I agree, but far more is going on than the string just getting louder. the timbre will change. if your point is that it wouldn't change if the player didn't play harder, I'll say it's an irrelevant distinction, as the instrument changed in a way that allowed it to operate in another fashion -- even if it required user interaction to make that happen: higher action "invites" the player to strum/pluck/pick a bit harder which results in manifold timbral changes from what the player does in exciting the string to how the string and guitar react. it's not all easily separable, and most people -- including the author of the article like to think everything is simple cause-effect. it's not.

The article implies that changing string height - by itself - has a noticeable affect on tone. To wit: "Play your guitar a while like this, and notice how much more ring, richness, and sustain you get out of it."

I think you are meaning he says "set up your guitar like this, and play it as you did before, and notice how much more ..." and disagreeing. technically, you may be right -- on an electric (acoustic is another discussion), but the technical correctness is trivial here. if the original setup inhibited the ability to get that better tone -- from contributions by both player and instrument, then the new setup is delivering tonal improvement.
Call it "psychoacoustics" if "snake oil" wasn't sophisticated enough ...

psychoacoustics is snake oil? recommend you google that. there are a few companies that purposely indulge in a lot of pseudo-psychoacoustics, a.k.a. "better sound through marketing" (ones name rhymes with "hose"), but psychoacoustics is pretty real and interesting stuff, and also the the basis of some very impressive lossy compression (cellphones, iPods ...), EFX pedals, surround sound, loudness contours for volume controls, audio taper pots ... etc. some is better than others, no doubt, but the applications of p-a have produced some amazing results.

-=tension & release=-


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(@gabba-gabba-hey)
Reputable Member
Joined: 13 years ago
Posts: 355
 

I agree, but far more is going on than the string just getting louder. the timbre will change.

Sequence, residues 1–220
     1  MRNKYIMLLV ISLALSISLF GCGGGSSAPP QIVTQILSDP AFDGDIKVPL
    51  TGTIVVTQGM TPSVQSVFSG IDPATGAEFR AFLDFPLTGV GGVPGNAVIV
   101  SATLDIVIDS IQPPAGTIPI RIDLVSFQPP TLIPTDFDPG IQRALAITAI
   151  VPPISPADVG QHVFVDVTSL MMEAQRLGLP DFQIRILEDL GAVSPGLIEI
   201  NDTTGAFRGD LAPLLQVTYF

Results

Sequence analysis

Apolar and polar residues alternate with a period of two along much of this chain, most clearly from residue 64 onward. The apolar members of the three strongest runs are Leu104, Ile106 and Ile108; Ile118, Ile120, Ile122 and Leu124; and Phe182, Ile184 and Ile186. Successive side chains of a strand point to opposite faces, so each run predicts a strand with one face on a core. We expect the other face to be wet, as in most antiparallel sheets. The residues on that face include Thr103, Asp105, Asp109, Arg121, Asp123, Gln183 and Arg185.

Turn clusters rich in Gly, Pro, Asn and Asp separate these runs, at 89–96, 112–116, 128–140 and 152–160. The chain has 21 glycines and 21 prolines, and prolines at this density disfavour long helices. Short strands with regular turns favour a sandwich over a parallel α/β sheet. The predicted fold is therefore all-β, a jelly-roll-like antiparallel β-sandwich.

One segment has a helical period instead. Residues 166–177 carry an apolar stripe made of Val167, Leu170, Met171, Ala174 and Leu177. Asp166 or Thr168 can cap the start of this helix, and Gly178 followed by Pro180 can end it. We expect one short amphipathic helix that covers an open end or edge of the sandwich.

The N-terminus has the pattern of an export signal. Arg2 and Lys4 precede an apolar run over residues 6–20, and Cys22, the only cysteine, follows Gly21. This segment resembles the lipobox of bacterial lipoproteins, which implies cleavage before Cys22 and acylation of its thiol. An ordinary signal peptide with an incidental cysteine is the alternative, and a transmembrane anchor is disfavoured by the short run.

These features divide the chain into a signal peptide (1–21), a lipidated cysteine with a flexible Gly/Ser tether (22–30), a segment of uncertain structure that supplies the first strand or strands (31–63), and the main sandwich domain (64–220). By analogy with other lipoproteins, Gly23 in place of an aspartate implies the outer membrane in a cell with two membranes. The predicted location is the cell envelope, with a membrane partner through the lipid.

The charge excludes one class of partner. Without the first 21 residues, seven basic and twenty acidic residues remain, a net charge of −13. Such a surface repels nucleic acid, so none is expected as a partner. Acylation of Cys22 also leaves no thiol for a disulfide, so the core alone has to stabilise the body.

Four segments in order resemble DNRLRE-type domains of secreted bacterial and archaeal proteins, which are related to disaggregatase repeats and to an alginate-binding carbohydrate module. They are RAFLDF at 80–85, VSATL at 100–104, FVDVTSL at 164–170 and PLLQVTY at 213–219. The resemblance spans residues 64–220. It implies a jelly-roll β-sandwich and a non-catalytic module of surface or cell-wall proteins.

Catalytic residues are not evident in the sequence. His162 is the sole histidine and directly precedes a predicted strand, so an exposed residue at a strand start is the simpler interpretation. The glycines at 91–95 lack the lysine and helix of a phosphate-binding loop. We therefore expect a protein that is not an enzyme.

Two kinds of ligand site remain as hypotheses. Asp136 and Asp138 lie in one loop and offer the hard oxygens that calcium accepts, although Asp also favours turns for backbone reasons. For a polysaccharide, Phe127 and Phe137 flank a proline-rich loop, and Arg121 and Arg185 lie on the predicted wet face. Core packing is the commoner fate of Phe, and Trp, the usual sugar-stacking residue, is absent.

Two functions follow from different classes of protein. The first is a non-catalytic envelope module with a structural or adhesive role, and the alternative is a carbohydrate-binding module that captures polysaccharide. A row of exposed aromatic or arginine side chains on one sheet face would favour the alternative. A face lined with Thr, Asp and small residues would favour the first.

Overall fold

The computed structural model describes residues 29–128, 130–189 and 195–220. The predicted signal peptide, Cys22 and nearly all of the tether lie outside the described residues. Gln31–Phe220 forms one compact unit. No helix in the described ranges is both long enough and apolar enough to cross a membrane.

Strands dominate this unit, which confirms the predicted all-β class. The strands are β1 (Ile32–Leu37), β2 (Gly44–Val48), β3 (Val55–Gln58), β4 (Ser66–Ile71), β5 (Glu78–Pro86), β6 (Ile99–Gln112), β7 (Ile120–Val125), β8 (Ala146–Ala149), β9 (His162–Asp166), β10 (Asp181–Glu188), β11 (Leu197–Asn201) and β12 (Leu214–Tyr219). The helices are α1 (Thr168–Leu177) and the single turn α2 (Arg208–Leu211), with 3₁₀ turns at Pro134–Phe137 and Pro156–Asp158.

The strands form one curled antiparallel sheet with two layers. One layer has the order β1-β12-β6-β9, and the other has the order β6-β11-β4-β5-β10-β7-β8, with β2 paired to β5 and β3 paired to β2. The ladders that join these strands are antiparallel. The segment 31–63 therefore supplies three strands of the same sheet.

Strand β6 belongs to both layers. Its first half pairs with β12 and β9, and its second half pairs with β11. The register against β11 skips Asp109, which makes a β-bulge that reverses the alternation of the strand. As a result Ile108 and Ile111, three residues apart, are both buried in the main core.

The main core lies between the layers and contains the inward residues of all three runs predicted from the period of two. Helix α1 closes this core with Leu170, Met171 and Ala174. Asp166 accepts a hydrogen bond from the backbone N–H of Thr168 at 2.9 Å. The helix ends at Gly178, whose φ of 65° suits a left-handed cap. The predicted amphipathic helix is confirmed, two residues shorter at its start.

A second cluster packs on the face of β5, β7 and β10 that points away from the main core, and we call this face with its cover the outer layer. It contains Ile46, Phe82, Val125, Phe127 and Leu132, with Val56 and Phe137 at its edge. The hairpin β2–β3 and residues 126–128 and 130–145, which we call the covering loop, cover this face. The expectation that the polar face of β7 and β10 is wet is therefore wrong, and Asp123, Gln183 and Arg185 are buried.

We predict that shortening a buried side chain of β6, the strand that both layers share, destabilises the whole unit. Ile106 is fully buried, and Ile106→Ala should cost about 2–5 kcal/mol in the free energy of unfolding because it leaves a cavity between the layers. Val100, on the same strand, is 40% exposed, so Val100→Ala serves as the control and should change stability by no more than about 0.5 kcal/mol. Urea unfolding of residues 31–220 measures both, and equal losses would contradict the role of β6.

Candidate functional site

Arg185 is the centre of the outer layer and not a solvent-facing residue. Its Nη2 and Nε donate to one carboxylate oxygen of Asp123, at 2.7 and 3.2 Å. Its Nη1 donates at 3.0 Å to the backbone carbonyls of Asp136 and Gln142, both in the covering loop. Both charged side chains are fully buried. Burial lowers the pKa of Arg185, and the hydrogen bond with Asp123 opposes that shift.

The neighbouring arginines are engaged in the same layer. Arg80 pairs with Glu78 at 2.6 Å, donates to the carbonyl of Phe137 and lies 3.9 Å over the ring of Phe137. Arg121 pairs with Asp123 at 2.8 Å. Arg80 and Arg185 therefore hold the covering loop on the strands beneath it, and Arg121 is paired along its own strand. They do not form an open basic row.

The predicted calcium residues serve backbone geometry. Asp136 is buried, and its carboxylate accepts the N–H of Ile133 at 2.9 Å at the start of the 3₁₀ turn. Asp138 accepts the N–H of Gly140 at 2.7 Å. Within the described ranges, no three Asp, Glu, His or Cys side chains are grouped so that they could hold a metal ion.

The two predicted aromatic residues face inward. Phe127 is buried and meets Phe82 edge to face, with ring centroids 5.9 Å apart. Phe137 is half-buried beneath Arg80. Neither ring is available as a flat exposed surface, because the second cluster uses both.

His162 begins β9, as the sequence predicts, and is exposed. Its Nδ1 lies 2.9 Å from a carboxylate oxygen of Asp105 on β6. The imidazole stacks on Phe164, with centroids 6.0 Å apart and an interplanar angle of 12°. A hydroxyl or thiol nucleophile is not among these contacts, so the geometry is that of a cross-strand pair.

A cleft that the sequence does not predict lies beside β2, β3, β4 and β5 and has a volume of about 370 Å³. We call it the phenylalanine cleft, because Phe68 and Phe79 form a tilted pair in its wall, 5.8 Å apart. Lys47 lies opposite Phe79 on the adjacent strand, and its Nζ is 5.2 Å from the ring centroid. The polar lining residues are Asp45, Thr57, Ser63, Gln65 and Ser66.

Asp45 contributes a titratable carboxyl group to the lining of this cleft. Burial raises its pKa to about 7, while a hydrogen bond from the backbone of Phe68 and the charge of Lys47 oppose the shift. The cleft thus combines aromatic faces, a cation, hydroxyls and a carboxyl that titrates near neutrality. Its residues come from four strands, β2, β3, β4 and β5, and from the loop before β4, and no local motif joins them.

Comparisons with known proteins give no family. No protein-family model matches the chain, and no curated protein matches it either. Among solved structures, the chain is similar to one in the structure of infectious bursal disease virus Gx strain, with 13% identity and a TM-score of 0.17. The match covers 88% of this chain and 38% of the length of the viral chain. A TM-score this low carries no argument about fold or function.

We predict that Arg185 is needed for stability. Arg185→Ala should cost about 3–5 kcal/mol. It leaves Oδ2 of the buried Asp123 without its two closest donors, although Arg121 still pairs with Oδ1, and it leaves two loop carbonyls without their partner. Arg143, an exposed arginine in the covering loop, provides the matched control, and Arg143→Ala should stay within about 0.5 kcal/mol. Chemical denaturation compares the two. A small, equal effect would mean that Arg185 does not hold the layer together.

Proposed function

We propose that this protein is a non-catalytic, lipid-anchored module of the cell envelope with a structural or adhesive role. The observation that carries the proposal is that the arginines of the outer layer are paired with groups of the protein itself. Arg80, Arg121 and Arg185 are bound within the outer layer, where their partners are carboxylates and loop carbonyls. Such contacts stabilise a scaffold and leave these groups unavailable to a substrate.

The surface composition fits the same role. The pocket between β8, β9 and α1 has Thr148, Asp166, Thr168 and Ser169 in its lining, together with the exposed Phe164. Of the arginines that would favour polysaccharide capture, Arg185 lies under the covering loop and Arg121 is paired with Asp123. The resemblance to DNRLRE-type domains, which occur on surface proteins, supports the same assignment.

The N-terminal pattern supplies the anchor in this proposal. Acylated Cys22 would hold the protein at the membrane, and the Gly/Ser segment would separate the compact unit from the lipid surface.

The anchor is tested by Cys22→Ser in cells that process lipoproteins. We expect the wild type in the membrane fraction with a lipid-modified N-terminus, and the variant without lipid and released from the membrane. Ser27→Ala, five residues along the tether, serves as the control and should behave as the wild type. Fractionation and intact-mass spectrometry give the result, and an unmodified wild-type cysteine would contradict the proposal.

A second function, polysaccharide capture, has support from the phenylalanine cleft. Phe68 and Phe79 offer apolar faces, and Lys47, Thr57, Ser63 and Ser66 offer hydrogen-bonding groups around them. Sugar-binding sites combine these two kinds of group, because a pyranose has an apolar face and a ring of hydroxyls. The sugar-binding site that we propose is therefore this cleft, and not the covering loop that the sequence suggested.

Ah, but in an instantly noticeable way to most people? That's what I've been arguing against. To me, it's like the fretboard wood argument ... probably makes a difference, but can you really tell in a blind test? Personally I think changing pick gauge or material makes a more audible difference.

And LOL about the "hose" speaker co ...


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 cnev
(@cnev)
Famed Member
Joined: 19 years ago
Posts: 4478
 

AAH ha Gabba Gabba gave me a great way to highjack this thread regarding tone. I had a lesson yesterday and I'm not sure how it came up but my teacher asked what gauge pick I was using and when i showed him, ( Ithink it was a .73mm) he cringed and told me to throw it away and use a heavier pick. He says he tells ALL his students to use a heavy pick as it really affects the tone especially on the low E and A.

He says the thin picks aren't good for anything but very light strumming and most of the time he can control that with how firmly/loosely he holds his pick and he uses a 2mm pick. I've heard him play many times and he can play anything with that pick.

Now maybe it's just the power of suggestion but I had been thinking lately that my low E string always sounded a bit muddy.

My next move is to go back to the 1 mm picks I used before.

"It's all about stickin it to the man!"
It's a long way to the top if you want to rock n roll!


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(@aleholder)
Trusted Member
Joined: 15 years ago
Posts: 52
 

I'm going to geek out for minute as I find this to be very interesting discussion. I'd like to know if the effect is the same if you were to lower your pickups instead of raising your strings


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(@trguitar)
Famed Member
Joined: 16 years ago
Posts: 3711
 

Well it's all interesting stuff and I'm not going to argue with it. That said, I use thin picks, 9's for strings and like a low action. I think I make this sound very nice for the music style that I play. I'm not going to change though and for one simple reason ummm or should I say one simple acronym. OCD. I've been doing this for over 30 years and it is what feels right to me. Yes, heavy strings, no interference with the string travel and a heavy percussive plectrum ... thats why a piano sounds so good. :?

"Work hard, rock hard, eat hard, sleep hard,
grow big, wear glasses if you need 'em."
-- The Webb Wilder Credo --